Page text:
“The Humility to Listen”, Karey Kessler, 2020, watercolor on paper, framed 16” x 26”

One might say that the maps crafted by Karey Kessler, from Seattle, WA, expand on the principle of re-visioning the conceptual reality in which Jewish history, interwoven into general history, has played out across time and space—“our sense of knowing exactly where we are,” in the artist’s words—while at the same time interwoven with the divine sense of space as spaceless and time as timeless: this is mayim intersecting shamayim—and adam(ah)—in the extreme. It is, moreover, fraught with irony, since one of the many circumlocutionary ways in which Jews refer to the indescribable, spaceless and timeless God, whose very Name is ineffable, is HaMakom: “The Place.”

The artist notes that her “maps explore my experience of time, place, and Jewish spirituality. They create a bridge between spiritual places and physical locations, science and Kabbalah. My work explores the fact that the Hebrew word for ‘the Place,’ ha-Makom, is also used as a name for God… My maps tell the story of an ever-changing environment, impermanence, and the immensity of time. They tell stories about the interconnected ecosystems of the world that don’t end where one country’s borders end and another’s begins: how both air and water (and therefore pollution), defy borders. The stories include deep time (before humans were on earth) and the eternal things that will remain once we’re gone. There is real ecological grief for the environmental changes happening around us but my maps also tell stories of hope and repair and possibility while also exposing the urgency of the climate crisis and our ever-changing environment.”

Her “maps” therefore very distinctly chart the interconnected realms of her concerns: not only as a Jew and a woman and an artist and a human being but as an inhabitant of this glorious planet that we keep challenging with our arrogance and our pollutionist behavioral patterns. In this exhibition, her “The Humility to Listen” offers—as with all of her “maps”—the hint at something familiar, a topography of water and earth, lowlands and mountains, it would seem, almost familiar but not quite identifiable as locations we have seen before on other maps.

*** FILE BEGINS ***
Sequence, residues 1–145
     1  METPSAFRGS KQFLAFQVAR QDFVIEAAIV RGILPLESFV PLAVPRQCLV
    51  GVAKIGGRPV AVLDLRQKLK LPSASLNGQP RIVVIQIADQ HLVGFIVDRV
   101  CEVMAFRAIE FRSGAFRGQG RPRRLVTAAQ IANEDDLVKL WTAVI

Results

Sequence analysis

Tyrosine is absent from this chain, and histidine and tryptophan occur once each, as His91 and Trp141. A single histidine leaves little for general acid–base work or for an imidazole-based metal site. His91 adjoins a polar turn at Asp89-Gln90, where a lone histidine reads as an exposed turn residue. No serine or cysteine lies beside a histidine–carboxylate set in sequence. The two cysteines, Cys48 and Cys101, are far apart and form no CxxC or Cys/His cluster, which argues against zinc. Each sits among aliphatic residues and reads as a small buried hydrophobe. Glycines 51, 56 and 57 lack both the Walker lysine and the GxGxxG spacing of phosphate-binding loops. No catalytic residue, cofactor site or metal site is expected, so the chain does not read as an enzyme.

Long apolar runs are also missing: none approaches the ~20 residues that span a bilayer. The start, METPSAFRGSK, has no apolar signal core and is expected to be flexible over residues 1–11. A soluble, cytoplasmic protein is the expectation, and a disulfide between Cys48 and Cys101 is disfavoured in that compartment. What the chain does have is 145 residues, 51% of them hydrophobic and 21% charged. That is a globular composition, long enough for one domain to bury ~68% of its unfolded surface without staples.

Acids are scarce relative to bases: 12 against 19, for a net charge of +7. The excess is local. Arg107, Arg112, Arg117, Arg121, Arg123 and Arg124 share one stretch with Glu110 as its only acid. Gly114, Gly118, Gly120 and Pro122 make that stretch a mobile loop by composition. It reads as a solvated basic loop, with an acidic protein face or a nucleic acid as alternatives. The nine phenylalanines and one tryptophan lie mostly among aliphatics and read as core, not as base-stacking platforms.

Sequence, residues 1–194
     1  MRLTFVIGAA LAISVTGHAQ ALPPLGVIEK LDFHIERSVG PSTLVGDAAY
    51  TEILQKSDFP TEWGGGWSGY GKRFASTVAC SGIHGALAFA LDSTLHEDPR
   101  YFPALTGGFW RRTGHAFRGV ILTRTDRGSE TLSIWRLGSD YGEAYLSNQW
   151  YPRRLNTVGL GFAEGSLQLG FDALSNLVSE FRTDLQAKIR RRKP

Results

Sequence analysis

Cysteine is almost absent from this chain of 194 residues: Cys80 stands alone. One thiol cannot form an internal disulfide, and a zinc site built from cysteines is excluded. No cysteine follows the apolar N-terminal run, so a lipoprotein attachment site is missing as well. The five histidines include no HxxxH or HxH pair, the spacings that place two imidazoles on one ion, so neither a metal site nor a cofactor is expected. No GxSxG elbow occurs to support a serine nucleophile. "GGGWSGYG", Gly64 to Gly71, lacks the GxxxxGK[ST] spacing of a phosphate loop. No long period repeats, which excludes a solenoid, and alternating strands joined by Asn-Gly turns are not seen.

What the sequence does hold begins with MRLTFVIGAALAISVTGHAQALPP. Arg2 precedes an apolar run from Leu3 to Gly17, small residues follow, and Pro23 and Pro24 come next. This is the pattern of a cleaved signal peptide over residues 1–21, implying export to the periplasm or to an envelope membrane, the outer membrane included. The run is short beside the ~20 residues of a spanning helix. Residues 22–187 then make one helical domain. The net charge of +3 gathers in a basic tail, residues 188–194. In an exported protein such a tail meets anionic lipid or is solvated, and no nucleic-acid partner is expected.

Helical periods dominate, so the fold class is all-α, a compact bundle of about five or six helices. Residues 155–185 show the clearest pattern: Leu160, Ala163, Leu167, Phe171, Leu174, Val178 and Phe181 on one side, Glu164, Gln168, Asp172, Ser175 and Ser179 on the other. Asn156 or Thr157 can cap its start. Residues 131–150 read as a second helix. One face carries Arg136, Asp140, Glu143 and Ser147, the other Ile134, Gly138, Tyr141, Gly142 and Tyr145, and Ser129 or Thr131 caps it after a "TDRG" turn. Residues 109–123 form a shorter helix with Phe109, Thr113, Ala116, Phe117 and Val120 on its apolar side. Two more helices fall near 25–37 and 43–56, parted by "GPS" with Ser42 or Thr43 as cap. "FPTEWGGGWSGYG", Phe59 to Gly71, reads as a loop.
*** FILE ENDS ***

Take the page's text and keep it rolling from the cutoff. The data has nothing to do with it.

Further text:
That we are and are not in a world that we can identify is confirmed by the words—in larger and smaller font sizes, like the names of countries and cities: “vanishing and dissolving spaces of wilderness,” “possible futures,” “this thin place… to quiet,” “the whole before and after,” and the eponymous site, “the humility to listen.” All of these large “locations”—together with smaller ones, like “the stillness and silence of trees and stones” or “flashes of insight” (to name two of them)—call the viewer, in studying the topography of Jewish and human existence through the lens of the artist’s mind and brush, to look carefully and to listen with humility, and to reconsider our place in places and in relationship to the Place.

Karey Kessler uses watercolor, stencils, stamps and freehand writing to create map inspired paintings. Her work is in the flat files of the Pierogi Gallery (New York City) and is included in the book, The Map as Art (Princeton Architectural Press, 2009), by Kitty Harmon. She received her BA in Anthropology and Fine Arts from the University of Pennsylvania and my MFA from the Pennsylvania Academy of Fine Arts and is currently a member of Shift Gallery in Seattle. www.kareykessler.com, Facebook: Karey Kessler Studio, Instagram: @kareykessler